Gus- I have no loyalty to the original height control system.  The only issue is an easy return to road ride height when it is time to get underway.  Some here have chucked the original system and have valves and controls to manually inflate/deflate the air bags as needed for ride and leveling.  They know the pressure that gives them the correct ride height, so they set the bags to that pressure and are ready to roll.  As mentioned, this is the same problem with just hooking the cable directly to the lever although that would greatly reduce stress to the cable.  It will be easy to raise or lower the coach, but finding the correct ride height for the road would be a nuisance unless I am missing some simple way of doing it.  With this system, one just has to return the control end of the cable to the set neutral position and lock it in place to have the lever attachment duplicate the original linkage length and return the coach to the preset road height.

Sean uses linear actuators, which is a great idea.  Again the issue is returning to the correct ride height to travel.  He has a clever electronic way of sensing when the actuators return to that position.  It might not be terribly complex, but it is definitely not something I know much about and would have to learn a bit before approaching.

Thanks again 
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Dave5Cs
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« Reply #7 on: October 28, 2012, 06:14:19 PM »

Lin, you have the air going to the air bags. If you put an air line from each air bag to  out going side of a good air regulator with a gauge and a small 1/4' or 3/8 " depending on what size hose you use, Ball valve handle on the other end of the regulator. Then hook another hose to that and the other end to an air supply that isn't regulated like from the accessory tank in the tool compartment up front under the driver area.

Now the in line which will go to all 4 ball valves and all 4 regulators will always be getting air, but will only go through the regulator that you want to fill said air bag and it will tell you how much air is in the air bag that you opened the handle for. If you want to let it out you should either get a regulator with a side release or put a t in each line ahead of the regulator on the fill side with another ball valve so you can release air when needed. Make sense?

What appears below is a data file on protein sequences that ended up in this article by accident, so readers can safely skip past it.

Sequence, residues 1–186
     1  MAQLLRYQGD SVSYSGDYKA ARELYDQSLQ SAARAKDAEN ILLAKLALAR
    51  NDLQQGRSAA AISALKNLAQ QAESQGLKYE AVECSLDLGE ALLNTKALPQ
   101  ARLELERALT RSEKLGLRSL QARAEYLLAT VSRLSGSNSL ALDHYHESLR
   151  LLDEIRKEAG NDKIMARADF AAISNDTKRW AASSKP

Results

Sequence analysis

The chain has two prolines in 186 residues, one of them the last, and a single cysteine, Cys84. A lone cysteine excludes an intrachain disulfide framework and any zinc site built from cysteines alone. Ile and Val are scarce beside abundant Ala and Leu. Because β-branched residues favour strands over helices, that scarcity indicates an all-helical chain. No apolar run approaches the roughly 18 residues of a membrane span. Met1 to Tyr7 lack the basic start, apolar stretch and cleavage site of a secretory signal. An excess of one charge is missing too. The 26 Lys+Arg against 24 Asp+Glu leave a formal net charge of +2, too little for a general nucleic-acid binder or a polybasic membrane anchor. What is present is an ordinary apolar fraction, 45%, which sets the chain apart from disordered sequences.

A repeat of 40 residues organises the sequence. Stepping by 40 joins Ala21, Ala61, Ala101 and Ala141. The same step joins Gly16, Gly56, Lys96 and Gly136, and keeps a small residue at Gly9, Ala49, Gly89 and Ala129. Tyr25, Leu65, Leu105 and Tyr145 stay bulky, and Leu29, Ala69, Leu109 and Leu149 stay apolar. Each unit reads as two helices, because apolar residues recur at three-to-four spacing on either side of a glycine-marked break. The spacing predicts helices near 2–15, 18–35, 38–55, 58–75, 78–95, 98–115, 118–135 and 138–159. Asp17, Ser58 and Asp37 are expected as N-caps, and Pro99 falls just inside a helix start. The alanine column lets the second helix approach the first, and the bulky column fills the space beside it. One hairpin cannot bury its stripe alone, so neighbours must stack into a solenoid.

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« Last Edit: October 28, 2012, 07:07:27 PM by Dave5Cs » Logged

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Lin
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« Reply #8 on: October 28, 2012, 09:29:31 PM »

Dave- I have seen gauge/valve combos that would be good for that type of system.  It is a good and reasonable simple way to go.  

At this point, I am having serious doubts whether what I have done will hold up.  The mention of stressing on the link while cornering is a definite issue if it would bend or move the tube holding the cable.  I will take it for a ride this week and see what happens.  I am just waiting for a new height control valve for the front since this project exposed that one as bad.  If the front seems to hold up, I'll install the rear cables.
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« Reply #9 on: October 29, 2012, 07:55:23 AM »

Lin,

I like your system since it is so simple and sure hope it works.

Keep us posted.
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robertglines1
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« Reply #10 on: October 29, 2012, 11:07:14 AM »

All we are doing is lyeing to the anchor point or length of the control arm on the leveling valve.  Need friction on your adjustment lever or it will slip.  Lock nut and or teflon washer.   Bob.   I used pressure guages and valves on my Mci then the cables on the 89 and now have level low on the 98.  If it is to much trouble will go back to the cables and levers. I have no pictures any more. sorry. Bob
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Bob@Judy  98 XLE prevost with 3 slides --Home done---last one! SW INdiana
Lin
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« Reply #11 on: October 29, 2012, 01:59:52 PM »

Bob, I have it so the control side bolts in place for travel.  Are you saying that it will slip when parked and leveled?  I did not plan on that, but if that is what you are saying, we'll have to do something.

Just an update-- We went out for a ride up into Joshua Tree Park today.  It was about 40 miles round trip.  Aside from the nice windy roads in the park (which seems to me the perfect roads for a bus), the dirt road from our house to the highway is a mile of washboard each way, which I would guess is a good workout for the cable.  Now I am not saying that this is a definitive test, but there is no noticeable difference in the cable.  I feel good enough to go and finish the job and monitor it for signs of impending failure as we go. It will take several hundred miles to develop confidence.

I do think the concept is fine may but have to upgrade to cables with the steel ends.
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robertglines1
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« Reply #12 on: October 29, 2012, 02:24:58 PM »

Sometimes the simple things are best.  I did have to keep after the adjusting levers but you might have a better design.  Welcome to the other side! That will never work!!!  I just put three slides in a bus--will never work!  Bob
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Bob@Judy  98 XLE prevost with 3 slides --Home done---last one! SW INdiana